When initiating the search process, you may consider hiring a Realtor to help, particularly if you are looking in an unfamiliar market. Our Client Care Coordinators are also here to serve you if you aren’t yet ready to employ the full-time services of a Realtor.
Once you’ve decided if you’re hiring someone or going at it alone, it’s time to focus the search on where you can see yourself living! Neighbourhood drive-bys, researching commute times, local schools, and googling news articles can be a great way of determining the viability and safety of your new home. When buying real estate, never forget the classic line - “Location, location, location.” (FYI - coined by Baron Samuel of Wych Cross. Check out the article.)
Upgrades to the home (unless it’s in an unlivable state of disrepair) can always come down the line as you pay off your mortgage. Focus more on buying in a place you can see yourself and/or your family living in rather than the perfect home (especially if it’s your first).
Making an Offer
You’ve found a home you are genuinely excited about, and you’re ready to consider a purchase. With your pre-approval in place and careful negotiation, this home could be within your budget. Before you get too caught up in the excitement, let’s discuss the practicalities of purchasing the home. Frankly, this is where it can be helpful to have a Realtor to support the drafting of the Offer of Purchase and Sale, as the Standard Forms are all behind a paywall that requires you to have a Realtor login.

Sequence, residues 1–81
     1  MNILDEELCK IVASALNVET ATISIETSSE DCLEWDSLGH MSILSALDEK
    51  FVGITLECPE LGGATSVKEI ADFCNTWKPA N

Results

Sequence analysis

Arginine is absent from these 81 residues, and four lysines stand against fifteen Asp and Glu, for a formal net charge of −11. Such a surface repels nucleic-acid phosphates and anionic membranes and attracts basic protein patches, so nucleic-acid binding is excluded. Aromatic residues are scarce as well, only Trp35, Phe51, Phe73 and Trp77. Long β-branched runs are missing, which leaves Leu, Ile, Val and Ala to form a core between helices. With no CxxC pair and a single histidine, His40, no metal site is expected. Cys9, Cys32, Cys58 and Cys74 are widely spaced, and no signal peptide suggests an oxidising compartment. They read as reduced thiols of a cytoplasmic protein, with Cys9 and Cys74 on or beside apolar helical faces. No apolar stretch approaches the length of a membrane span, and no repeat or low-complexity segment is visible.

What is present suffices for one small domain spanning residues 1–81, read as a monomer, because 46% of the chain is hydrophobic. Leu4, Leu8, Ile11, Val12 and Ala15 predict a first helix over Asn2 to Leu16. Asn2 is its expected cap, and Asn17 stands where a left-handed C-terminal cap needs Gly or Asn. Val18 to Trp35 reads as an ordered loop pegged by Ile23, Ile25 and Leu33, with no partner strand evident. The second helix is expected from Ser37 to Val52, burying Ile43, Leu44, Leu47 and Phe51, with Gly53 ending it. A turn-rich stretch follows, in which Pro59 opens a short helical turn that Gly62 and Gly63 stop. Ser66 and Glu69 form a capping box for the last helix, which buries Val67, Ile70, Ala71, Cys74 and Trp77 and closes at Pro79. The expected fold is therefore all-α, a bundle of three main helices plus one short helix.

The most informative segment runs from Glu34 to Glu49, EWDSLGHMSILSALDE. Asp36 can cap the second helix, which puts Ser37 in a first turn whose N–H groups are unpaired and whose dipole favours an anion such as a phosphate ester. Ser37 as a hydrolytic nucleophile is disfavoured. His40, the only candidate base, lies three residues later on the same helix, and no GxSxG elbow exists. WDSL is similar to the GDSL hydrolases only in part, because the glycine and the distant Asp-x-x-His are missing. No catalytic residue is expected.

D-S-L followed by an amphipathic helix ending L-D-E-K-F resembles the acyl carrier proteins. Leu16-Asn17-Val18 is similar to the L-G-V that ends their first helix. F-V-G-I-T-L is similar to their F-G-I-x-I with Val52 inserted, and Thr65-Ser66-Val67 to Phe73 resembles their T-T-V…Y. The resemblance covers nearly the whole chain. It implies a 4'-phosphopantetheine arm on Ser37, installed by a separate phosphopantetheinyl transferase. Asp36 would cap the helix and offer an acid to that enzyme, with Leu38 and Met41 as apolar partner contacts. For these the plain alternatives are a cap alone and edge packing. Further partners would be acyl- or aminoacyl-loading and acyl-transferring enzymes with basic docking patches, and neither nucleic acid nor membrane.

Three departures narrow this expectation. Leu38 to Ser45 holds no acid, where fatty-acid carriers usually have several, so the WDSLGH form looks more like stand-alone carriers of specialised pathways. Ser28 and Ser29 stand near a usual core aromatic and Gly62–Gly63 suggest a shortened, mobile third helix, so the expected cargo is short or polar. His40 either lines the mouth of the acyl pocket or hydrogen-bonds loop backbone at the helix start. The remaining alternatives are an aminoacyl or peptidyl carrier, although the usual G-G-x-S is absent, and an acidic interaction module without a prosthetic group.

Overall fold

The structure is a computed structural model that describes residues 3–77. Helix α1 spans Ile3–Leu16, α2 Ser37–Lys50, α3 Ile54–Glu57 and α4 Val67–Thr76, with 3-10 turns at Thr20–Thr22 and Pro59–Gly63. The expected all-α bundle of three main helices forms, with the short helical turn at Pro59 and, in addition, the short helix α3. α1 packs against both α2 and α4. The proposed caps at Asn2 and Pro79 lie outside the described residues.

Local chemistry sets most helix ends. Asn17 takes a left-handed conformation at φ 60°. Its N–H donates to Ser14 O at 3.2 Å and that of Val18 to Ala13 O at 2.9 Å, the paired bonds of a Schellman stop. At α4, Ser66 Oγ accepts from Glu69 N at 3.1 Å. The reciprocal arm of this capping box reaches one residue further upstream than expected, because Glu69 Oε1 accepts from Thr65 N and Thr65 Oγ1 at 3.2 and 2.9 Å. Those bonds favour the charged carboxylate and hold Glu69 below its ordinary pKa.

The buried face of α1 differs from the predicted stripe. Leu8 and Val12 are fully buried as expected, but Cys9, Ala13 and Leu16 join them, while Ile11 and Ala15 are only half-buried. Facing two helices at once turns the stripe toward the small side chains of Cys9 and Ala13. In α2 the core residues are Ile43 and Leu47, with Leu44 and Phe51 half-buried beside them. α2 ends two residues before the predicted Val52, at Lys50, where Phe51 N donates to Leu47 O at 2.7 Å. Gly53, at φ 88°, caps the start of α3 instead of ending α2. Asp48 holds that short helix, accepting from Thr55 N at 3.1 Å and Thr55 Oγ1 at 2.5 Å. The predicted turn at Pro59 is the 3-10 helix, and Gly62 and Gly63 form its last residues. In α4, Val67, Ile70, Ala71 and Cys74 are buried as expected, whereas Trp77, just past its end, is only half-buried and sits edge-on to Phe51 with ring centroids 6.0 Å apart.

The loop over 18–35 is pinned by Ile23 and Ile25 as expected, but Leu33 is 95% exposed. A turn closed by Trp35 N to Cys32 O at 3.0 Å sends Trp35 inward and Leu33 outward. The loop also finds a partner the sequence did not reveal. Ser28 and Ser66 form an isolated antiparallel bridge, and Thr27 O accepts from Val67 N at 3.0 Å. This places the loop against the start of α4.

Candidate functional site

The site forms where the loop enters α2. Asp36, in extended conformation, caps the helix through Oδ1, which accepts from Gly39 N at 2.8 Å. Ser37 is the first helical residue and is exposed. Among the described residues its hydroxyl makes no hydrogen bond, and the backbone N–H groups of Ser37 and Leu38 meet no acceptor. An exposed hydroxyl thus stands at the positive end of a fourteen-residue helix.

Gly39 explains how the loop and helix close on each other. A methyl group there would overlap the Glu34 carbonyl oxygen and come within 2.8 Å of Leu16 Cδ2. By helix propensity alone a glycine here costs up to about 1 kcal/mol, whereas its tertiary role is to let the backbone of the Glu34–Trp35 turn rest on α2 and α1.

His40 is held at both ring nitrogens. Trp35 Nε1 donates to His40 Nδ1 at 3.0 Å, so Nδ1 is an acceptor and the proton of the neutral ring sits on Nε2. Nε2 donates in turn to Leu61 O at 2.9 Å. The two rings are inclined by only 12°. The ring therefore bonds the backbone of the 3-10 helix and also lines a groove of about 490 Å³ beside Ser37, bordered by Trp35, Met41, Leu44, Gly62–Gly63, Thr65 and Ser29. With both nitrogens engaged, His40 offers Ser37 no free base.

Of course, we’ve already created an in-depth resource on the Offer process, available here, but we will provide a high-level overview here.
An offer generally includes the following negotiable terms. These core components of the deal are what will likely cause a seller to accept, reject, or request a change.